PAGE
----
Vietnam War POW: Foreign Service POW Returns! Vietnam POW – Philip W. Manhard’s Escape




Two years ago I was lucky enough to purchase a large collection of 35mm color slides from a family in New Hampshire. The 5000+ 35mm slides were taken by an unnamed member of the US Foreign Service who was a key member in international affairs in the late 1960s and early 1970s. I’m being judicious and only posting very interesting photos from his collection, and in this example I’m posting a photo of Philip W. Manhard upon his return from Vietnam.   This was his “welcome back” party from being  POW.

I’ve sent a bulk of the 35mm slides to a close member of the Manhard family and hope they will trickle down to the younger relatives.  Special thanks to Dick Manhard for responding to my letter and accepting the slides seen in this post.

Philip W. Manhard as a POW:

Ambassador Henry Broade, Philip Manhard, Noel Gaylor

Original caption: Clark Base, Philippines. U.S. Ambassador to the Phillipines Henry Byroade, gives a handshake to Philip Manhard, highest ranking Civilian captured by the communist, after he arrived here 3/16 following his release. Mayhard, of McLean, Virginia, was a provincial advisor when caaptured in 1969. Center os admiral Noel Gayler, commander Oacific Naval Forces.

Manhard Leaving Plane

Manhard Leaving Plane



Name: Phillip Wallace Manhard
Branch/Rank: CIVILIAN
Date of Birth:
Home City of Record:
Date of Loss: 01-February-68
Country of Loss: SOUTH VIETNAM
Loss Coordinates: 162736  North  1073302 East
Status (in 1973): Returnee
Aircraft/Vehicle/Ground: Ground
Other Personnel in Incident:
Refno: 1013

Source: Compiled by P.O.W. NETWORK from one or more of the following: raw
data from U.S. Government agency sources, correspondence with POW/MIA
families, published sources, interviews and CACCF = Combined Action
Combat Casualty File.




No further information available at this time.

10 thoughts on “Vietnam War POW: Foreign Service POW Returns! Vietnam POW – Philip W. Manhard’s Escape

  1. Hello, I was thrilled to see these pictures of my father, as I now live in France and have little access to his archives. He would be very proud of his grandchildren – binationals – who are both in college, one in the United States and one in France, pursuing degrees in international fields. Thank you so much for sharing.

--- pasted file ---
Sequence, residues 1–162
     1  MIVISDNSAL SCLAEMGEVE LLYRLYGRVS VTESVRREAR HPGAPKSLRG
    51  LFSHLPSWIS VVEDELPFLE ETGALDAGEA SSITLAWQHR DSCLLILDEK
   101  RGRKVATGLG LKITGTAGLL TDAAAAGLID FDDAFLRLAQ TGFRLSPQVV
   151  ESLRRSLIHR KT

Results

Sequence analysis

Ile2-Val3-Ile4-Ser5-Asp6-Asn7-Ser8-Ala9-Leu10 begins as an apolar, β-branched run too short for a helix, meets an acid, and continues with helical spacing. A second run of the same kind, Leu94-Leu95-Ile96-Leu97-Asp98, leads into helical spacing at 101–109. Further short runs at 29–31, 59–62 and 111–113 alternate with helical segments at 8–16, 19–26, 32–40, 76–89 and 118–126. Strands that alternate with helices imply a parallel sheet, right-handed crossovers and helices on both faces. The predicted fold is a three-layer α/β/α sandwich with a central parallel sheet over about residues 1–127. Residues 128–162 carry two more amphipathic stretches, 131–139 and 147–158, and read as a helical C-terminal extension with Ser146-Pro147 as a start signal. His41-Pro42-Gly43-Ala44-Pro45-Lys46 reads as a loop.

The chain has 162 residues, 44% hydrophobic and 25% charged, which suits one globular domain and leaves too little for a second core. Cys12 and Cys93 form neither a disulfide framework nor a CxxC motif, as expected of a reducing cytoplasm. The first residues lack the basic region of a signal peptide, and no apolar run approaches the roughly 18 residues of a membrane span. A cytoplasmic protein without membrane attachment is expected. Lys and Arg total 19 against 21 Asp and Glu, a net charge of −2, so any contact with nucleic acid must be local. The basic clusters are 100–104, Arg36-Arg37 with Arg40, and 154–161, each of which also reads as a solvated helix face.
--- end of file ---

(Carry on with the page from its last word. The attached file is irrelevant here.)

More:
• Hi, Brennan, I am sorry for answering so late. I am still very new to all this social media stuff and have just logged back into wordpress after a very long absence. I will write to you on your e-mail address — mine is — (name is Virginia Lubin now, but Manhard before). As far as help from Continental Europe, I will be visiting the D-Day beaches the first week in May and am fluent in French. I highly recommend the Memorial at Caen if you ever get over this way. My interest in war is understanding it well enough to know that it is the very last resort for a civilized world … best to you

      • Hello Brennan, I don’t know if you are still active. I have had a lot of things to deal with these past 5 years and have not been very available. I am beginning to see the light at the end of the tunnel and in a couple of months I will have a bit more time. I speak perfect French and live in Brittany. I am on the Board of Directors of the Franco-American Institute in Rennes, which is an organization dedicated to promote cultural understanding between France and the USA. I will think about what I could help you with and I hope if you are still active, you will keep me in mind as a possible resource. Sorry for the long silence, all the best, Virginia

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